Bring all of those jobs to Texas. We'll be happy to take'em off your hand California. As a third generation Houstonian and Texan, I am enjoying this transfer of economic power very much. No doubt Texas can do better in a lot of areas (namely higher education), but our libertarian leanings are servings us well.
Urban development scholar and California resident Joel Kotkin attempts to give his state a wake-up call at NewGeography.com. Here's a few excerpts:
In the future, historians may likely mark the 2010 midterm elections as the end of the California era and the beginning of the Texas one. In one stunning stroke, amid a national conservative tide, California voters essentially ratified a political and regulatory regime that has left much of the state unemployed and many others looking for the exits. California has drifted far away from the place that John Gunther described in 1946 as “the most spectacular and most diversified American state … so ripe, golden.” Instead of a role model, California has become a cautionary tale of mismanagement of what by all rights should be the country’s most prosperous big state. Its poverty rate is at least two points above the national average; its unemployment rate nearly three points above the national average. On Friday Gov. Arnold Schwarzenegger was forced yet again to call an emergency session in order to deal with the state’s enormous budget problems
Texas’ trajectory, however, looks quite the opposite. California was recently ranked by Chief Executive magazine as having the worst business climate in the nation, while Texas’ was considered the best. Both Democrats and Republicans in the Lone State State generally embrace the gospel of economic growth and limited public sector expenditure. The defeated Democratic candidate for governor, the brainy former Houston Mayor Bill White, enjoyed robust business support and was widely considered more competent than the easily re-elected incumbent Rick Perry, who sometimes sounds more like a neo-Confederate crank than a serious leader. To be sure, Texas has its problems: a growing budget deficit, the need to expand infrastructure to service its rapid population growth and the presence of a large contingent of undereducated and uninsured poor people. But even conceding these problems, the growing chasm between the two megastates is evident in the economic and demographic numbers. Over the past decade nearly 1.5 million more people left California than stayed; only New York State lost more. In contrast, Texas gained over 800,000 new migrants. In California, foreign immigration–the one bright spot in its demography–has slowed, while that to Texas has increased markedly over the decade. A vast difference in economic performance is driving the demographic shifts. Since 1998, California’s economy has not produced a single new net job, notes economist John Husing. Public employment has swelled, but private jobs have declined. Critically, as Texas grew its middle-income jobs by 16%, one of the highest rates in the nation, California, at 2.1% growth, ranked near the bottom. In the year ending September, Texas accounted for roughly half of all the new jobs created in the country.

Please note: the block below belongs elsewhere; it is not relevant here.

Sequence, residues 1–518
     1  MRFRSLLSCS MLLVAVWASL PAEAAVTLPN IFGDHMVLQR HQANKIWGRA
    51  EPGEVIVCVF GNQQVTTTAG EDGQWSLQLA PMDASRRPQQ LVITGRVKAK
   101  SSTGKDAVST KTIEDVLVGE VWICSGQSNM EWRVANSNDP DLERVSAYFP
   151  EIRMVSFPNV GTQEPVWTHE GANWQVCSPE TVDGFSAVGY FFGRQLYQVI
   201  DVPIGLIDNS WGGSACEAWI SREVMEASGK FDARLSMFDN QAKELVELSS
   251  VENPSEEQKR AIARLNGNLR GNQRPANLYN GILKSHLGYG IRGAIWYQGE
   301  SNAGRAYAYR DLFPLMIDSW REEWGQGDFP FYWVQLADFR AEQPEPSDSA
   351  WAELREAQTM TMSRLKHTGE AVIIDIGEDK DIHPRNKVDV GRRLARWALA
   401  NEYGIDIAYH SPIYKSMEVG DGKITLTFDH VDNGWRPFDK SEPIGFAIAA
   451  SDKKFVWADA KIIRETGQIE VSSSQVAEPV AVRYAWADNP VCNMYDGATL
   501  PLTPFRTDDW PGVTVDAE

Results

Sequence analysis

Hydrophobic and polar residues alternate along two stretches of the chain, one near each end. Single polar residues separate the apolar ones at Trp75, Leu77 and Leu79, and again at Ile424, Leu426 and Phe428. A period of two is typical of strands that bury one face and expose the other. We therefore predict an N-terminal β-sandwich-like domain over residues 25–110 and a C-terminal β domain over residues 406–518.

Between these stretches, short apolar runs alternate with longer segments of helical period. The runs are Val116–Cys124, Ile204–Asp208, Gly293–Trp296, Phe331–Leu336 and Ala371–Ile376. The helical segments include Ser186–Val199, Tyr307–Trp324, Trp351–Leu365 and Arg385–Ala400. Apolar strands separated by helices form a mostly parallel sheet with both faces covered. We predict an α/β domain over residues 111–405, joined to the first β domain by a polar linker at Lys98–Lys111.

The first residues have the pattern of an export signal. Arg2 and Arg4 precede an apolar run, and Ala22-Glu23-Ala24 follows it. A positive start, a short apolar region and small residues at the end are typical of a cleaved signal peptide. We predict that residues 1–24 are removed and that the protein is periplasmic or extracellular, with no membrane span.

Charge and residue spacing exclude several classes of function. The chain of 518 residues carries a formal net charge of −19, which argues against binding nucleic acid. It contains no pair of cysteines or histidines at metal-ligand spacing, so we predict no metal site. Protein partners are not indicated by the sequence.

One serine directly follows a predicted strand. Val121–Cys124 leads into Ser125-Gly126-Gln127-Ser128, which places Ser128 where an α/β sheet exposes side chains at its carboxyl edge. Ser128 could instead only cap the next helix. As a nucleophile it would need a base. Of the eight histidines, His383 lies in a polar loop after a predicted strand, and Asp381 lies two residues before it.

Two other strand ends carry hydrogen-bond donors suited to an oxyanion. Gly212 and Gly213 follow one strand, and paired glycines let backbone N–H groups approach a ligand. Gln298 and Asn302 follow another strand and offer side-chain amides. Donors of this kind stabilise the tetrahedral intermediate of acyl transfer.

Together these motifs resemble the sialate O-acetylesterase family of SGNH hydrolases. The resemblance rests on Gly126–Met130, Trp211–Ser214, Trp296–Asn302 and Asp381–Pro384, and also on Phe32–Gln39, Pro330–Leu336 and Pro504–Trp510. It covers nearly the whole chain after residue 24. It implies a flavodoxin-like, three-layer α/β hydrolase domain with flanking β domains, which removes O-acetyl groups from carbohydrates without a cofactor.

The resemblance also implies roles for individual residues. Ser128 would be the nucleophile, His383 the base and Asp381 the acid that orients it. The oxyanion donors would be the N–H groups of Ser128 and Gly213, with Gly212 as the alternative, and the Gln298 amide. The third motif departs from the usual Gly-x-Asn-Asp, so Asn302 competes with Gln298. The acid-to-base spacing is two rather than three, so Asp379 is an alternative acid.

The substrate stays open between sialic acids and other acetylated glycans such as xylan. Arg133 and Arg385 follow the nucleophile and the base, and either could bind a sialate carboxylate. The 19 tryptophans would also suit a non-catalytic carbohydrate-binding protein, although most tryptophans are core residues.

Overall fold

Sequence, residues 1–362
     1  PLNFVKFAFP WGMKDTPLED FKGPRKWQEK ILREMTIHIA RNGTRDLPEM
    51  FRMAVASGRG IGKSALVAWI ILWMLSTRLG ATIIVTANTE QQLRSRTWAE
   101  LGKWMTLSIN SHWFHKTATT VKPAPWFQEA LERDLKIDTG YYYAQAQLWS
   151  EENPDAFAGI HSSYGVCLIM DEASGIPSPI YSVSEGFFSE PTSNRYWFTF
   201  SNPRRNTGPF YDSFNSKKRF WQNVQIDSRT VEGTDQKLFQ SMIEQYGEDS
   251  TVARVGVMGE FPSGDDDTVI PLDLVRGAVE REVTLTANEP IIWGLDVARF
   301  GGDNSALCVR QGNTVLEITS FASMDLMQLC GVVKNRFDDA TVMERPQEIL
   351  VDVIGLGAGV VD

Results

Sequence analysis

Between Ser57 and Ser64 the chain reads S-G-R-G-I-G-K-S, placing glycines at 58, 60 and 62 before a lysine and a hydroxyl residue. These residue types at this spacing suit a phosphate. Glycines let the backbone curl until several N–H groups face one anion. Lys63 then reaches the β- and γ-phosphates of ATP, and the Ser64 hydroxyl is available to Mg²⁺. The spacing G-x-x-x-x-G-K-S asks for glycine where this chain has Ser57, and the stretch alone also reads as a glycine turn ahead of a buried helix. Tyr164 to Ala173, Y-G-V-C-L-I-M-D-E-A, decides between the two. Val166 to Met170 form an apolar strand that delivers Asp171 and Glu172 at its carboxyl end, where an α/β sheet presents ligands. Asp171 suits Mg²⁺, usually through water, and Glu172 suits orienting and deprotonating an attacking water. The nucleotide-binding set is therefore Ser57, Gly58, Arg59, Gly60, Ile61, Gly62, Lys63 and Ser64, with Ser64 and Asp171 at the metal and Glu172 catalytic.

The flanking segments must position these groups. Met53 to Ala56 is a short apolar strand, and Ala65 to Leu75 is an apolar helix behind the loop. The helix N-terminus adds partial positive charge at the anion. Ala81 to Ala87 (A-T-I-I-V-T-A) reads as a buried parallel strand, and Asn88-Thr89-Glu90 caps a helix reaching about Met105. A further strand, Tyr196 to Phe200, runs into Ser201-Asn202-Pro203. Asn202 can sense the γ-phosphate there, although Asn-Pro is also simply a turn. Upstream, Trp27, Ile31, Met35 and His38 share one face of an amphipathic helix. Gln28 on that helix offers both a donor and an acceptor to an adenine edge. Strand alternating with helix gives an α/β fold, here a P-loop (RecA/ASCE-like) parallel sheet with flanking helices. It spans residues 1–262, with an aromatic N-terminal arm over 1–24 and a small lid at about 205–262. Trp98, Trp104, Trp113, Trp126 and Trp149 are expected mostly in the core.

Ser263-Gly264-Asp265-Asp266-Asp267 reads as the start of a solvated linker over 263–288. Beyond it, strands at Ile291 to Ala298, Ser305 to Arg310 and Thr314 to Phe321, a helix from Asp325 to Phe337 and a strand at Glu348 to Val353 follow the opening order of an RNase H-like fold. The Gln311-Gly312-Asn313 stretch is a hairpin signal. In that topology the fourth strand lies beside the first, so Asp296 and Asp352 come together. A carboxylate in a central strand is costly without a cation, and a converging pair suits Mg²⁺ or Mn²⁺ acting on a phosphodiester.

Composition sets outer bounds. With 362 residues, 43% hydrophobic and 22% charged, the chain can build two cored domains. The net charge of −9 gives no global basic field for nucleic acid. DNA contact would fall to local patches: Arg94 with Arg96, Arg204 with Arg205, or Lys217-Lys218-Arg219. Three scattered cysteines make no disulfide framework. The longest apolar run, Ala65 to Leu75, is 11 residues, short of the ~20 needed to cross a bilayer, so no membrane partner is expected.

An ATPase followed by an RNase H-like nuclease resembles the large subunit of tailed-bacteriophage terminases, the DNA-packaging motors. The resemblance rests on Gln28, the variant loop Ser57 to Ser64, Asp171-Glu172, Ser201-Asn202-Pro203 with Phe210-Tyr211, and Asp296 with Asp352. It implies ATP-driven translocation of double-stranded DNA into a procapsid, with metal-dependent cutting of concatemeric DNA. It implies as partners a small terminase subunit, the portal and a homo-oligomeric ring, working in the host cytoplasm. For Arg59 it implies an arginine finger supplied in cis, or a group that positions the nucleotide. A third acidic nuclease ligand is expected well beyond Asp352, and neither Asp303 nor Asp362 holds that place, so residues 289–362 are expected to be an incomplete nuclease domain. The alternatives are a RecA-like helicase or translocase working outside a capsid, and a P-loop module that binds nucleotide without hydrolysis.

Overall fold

To read the whole article, click here.